China leaves no doubt it will fight to crush 'Taiwan independence': China Daily editorial
In his first face-to-face meeting with his US counterpart, Chinese Defense Minister Wei Fenghe laid bare one critical issue that could make it impossible to avoid confrontation and conflict between the two militaries.
The stern tone came when he met US Secretary of Defense Lloyd Austin on the sidelines of the Shangri-La Dialogue in Singapore on Friday.
Wei took the opportunity of what both sides said were a cordial exchange of views to leave his US counterpart in no doubt that the People's Liberation Army has no choice but to defend China's sovereignty and territorial integrity and it will fight to crush any act of seceding Taiwan from China, whatever the cost, even by going to war.
The strongest-ever warning from the Chinese side apparently demonstrated its indignation at the US' frequent moves to violate the one-China principle and the three China-US joint communiqués, especially with the announcement of the fourth US arms sale to Taiwan on Wednesday since the Joe Biden administration took office.
Washington clearly misjudges the situation if it thinks that China cannot afford to or will dare not engage in a war with the US and its allies.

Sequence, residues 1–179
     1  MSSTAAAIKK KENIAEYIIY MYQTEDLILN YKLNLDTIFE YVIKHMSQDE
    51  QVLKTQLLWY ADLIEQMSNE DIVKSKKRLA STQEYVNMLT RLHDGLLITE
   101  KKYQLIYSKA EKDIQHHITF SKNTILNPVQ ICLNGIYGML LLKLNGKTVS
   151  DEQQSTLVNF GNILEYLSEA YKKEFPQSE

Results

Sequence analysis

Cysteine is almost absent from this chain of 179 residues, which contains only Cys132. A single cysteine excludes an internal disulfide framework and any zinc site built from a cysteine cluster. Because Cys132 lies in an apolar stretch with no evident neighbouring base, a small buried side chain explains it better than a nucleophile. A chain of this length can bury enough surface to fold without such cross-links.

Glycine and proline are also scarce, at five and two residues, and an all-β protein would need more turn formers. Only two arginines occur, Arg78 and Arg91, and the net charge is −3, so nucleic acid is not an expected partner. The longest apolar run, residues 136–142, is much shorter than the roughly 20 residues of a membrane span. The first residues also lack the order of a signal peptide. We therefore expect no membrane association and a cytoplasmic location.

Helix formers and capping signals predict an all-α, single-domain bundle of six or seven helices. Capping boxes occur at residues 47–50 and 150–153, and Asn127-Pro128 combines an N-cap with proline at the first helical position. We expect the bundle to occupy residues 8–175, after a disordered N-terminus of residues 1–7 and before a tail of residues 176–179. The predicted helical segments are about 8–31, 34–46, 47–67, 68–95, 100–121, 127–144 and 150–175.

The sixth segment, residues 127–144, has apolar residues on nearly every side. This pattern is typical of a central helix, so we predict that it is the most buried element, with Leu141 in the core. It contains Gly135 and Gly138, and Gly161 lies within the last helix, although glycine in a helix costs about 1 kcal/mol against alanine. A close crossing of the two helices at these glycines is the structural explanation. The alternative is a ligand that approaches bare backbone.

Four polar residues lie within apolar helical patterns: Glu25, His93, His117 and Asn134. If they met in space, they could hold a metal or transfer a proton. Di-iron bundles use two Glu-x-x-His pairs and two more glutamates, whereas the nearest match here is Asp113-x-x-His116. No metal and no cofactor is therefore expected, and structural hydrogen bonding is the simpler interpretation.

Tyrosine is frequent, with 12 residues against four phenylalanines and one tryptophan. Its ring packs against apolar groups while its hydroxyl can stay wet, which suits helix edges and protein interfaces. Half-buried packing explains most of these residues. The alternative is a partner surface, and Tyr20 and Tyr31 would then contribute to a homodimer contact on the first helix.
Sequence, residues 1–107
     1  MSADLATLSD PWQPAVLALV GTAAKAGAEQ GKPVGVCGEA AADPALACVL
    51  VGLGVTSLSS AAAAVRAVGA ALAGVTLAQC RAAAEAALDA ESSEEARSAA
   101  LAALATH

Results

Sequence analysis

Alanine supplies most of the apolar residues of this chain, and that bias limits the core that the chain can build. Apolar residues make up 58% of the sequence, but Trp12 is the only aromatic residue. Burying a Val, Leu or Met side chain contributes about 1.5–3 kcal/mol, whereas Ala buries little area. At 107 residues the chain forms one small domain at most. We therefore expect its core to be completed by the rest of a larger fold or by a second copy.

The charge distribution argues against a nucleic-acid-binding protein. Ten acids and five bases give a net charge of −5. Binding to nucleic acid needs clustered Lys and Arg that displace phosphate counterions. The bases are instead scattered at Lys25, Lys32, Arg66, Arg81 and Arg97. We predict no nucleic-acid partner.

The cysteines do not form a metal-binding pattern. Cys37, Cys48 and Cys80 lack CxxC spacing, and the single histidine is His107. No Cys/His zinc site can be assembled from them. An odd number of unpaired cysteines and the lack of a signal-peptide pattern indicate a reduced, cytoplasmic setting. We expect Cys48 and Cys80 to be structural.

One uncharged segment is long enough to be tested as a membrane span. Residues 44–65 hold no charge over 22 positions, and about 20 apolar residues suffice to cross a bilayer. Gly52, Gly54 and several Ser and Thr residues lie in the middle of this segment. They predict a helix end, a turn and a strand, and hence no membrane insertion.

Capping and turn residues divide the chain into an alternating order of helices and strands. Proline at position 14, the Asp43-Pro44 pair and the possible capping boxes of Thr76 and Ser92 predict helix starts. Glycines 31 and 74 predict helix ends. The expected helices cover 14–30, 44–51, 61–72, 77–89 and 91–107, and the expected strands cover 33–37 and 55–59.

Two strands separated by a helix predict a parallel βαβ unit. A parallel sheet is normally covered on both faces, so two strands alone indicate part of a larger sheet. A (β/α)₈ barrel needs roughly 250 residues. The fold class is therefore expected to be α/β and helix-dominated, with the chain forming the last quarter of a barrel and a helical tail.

It should also recognize that if Washington continues its provocative actions of challenging China's red line on the Taiwan question, the possibility of a war will not be ruled out.
It is to be hoped that the meeting will have disabused Washington of any notion that China can be intimidated, as this is the most clear warning the Chinese side has delivered on the growing risks of the US playing the Taiwan card.
Actually, there is more for Washington to do if it wants to establish a stable military-to-military relationship with China.
The US carried out more than 100 military exercises in the South China Sea and nearby waters alone or with its allies last year.
Late last week, Australia and Canada, two enthusiastic supporters of its China-containment strategy, almost simultaneously hyped up "the threat" Chinese fighter jets pose to their close-in reconnaissance missions on China's doorstep.
On June 2, the US Navy disclosed the schedule for the Rim of the Pacific multinational power projection/sea control exercises in which China is cast as the enemy. The theme of RIMPAC 2022 is "capable, adaptive, partners".
These partners include Australia and the United Kingdom which have formed a trilateral security partnership with the US, whose first initiative has been to support Australia acquiring nuclear-powered submarines, an objective that has been accelerated after US President Joe Biden wrapped up his first trip to Asia late last month.
Australia and the US also strengthened their collaborative resolve to contain China along with India and Japan at the Quad summit in Tokyo that Biden attended.
Japan is also drawing up a new defense strategy to fall in line with the "Indo-Pacific Strategy" of the US.
And at its summit in Madrid at the end of this month, NATO is set to adopt its latest Strategic Concept that posits China as a challenge for the transatlantic alliance for the first time, paving the way for the organization's expansion into the Asia-Pacific.
All these means good China-US relations will not be achieved unless Washington forgoes its strategy to contain China and treats its development with a rational perspective.